There is scant evidence that Catholic schools are a major cause of sectarianism, according to new research by a leading Scottish academic. The comments from Stephen McKinney, of the University of Glasgow, come in the same week as a survey shows that more people in Scotland oppose denominational schools than support them.
The results of the survey commissioned by the Scottish government reveal that 43 per cent of people in Scotland are against denominational schools and 25 per cent in favour. About 30 per cent believe they contribute to sectarianism, the research says (bit.lySSASresearch).
But Professor McKinney, professor of creativity, culture and faith at the university's School of Education, believes they have little basis for such concerns. "There is very little empirical evidence to substantiate the alleged relation between contemporary Catholic schools and sectarianism," he writes in the Journal of Theories and Research in Education (bit.lySectarianism).
National reviews in 2005 and 2013 of Scotland's problems with sectarianism found few signs of it being fuelled by Catholic schools, Professor McKinney continues.
He adds that there is little evidence to back comments such as those made by Sheriff Richard Davidson during a 2013 court case, that "the way to tackle to sectarianism was to do away with Catholic schools", or A C Grayling's speech to the Scottish Parliament in 2013, when the philosopher said that the argument against faith-based schools could be summed up with the word "Glasgow".
The new national social attitudes survey for the Scottish government finds that football is the most commonly blamed factor in sectarianism, with 88 per cent of respondents mentioning it and 55 per cent considering it to be the primary catalyst. Some 37 per cent mention denominational schools - the vast majority of which are Catholic - and 5 per cent say they are the main cause of sectarianism. Although 43 per cent oppose denominational schools, that is down from 50 per cent in 2007. Meanwhile, support has remained fairly constant at about 25 per cent and others express no opinion.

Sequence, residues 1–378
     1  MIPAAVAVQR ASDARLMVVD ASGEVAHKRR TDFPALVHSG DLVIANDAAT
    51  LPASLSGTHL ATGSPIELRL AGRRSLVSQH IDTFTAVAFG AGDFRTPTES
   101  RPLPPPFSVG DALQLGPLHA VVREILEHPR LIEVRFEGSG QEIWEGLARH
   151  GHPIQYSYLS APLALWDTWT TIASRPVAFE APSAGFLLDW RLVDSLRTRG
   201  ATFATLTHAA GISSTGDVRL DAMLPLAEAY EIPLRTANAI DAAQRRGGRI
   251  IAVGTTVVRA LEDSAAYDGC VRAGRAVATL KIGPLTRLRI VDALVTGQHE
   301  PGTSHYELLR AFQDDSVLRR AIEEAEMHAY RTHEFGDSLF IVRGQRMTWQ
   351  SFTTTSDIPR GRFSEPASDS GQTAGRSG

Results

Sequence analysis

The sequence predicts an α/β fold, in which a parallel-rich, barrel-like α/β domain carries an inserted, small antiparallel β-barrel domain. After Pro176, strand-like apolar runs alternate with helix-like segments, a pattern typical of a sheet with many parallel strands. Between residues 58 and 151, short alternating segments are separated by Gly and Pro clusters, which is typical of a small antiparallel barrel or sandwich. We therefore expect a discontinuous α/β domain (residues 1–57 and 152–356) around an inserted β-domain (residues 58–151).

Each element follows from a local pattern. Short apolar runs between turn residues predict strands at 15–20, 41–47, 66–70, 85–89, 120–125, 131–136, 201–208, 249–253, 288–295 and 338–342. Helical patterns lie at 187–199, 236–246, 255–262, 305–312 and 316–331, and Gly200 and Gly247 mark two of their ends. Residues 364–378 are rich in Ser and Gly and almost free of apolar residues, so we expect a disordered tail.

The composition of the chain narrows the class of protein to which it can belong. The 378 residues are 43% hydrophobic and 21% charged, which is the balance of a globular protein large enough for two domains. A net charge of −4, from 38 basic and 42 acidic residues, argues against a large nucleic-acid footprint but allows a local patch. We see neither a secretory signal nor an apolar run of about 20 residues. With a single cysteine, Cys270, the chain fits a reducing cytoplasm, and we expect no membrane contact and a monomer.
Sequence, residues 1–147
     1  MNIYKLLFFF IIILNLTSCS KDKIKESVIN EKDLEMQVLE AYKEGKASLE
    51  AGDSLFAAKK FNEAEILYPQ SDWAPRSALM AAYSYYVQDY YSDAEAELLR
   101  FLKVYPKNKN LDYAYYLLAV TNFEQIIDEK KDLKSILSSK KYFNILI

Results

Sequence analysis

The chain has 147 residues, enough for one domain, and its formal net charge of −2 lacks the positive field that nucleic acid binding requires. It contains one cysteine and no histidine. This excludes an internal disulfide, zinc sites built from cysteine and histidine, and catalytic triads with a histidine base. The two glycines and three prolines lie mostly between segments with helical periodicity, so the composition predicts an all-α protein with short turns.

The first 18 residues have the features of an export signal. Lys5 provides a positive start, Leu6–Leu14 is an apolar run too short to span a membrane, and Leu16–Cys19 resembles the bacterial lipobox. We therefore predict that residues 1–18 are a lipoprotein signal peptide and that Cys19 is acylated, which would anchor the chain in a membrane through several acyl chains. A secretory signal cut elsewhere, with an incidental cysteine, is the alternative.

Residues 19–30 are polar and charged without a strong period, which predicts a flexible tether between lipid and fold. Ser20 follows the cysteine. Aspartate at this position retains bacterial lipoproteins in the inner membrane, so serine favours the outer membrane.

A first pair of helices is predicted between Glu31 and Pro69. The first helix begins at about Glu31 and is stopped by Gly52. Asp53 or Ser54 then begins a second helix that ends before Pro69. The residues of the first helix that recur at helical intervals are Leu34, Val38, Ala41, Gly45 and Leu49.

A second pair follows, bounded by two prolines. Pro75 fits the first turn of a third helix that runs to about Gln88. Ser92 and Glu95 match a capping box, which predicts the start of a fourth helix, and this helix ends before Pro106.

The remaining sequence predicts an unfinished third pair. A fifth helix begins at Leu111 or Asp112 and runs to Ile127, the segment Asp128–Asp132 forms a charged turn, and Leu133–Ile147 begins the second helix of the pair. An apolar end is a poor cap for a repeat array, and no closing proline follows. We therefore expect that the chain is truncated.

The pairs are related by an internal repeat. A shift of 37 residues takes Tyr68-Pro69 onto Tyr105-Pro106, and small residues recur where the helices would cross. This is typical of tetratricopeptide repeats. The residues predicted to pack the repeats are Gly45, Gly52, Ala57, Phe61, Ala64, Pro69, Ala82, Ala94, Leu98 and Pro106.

Gary McLelland, policy and public affairs officer for the Humanist Society Scotland, said it was no longer appropriate to "segregate" pupils into denominational schools established amid "deeply ingrained sectarianism" a century ago, especially given that Scots were less religious now.
He questioned some practices "required to maintain separate schooling", citing Falkirk Council's move last year to ask for baptismal certificates for pupils hoping to attend its oversubscribed Catholic schools.
Mr McLelland also claimed that "open discrimination" was being practised against non-Catholic employees. Legislation allows the Catholic Church to consider religious belief when recruiting teachers, despite that right being challenged by teachers at employment tribunals in Glasgow in 2006 and 2012.
Michael McGrath, director of the Scottish Catholic Education Service, said that claims of links between Catholic schools and sectarianism were "not formed out of any rational analysis of the evidence". Inspection reports showed the "very positive influence" that Catholic schools had on pupils' attitudes and values, he added.
"It is a matter of significant concern to church leaders, teachers and parents who have experienced the very positive value of Catholic schools that some of our fellow citizens only show grudging tolerance of [these] schools rather than a positive regard for our contribution to society," Mr McGrath said. "Such attitudes say a great deal about how far Scotland still has to travel to escape its sectarian history."
Schools are a "huge part" of the solution to sectarianism, according to Dave Scott, campaign director of Scottish charity Nil By Mouth.
The organisation was set up in 2000 by friends of Mark Scott, a Glasgow schoolboy who was the victim of a sectarian murder in 1995. The charity has brought together pupils from denominational and non-denominational schools in areas with a history of religious division.
Mr Scott said: "Sectarianism is at its core a fear of difference, and those who hold sectarian attitudes will use the fact that people go to different schools, have different names or support different teams as an opportunity to divide people."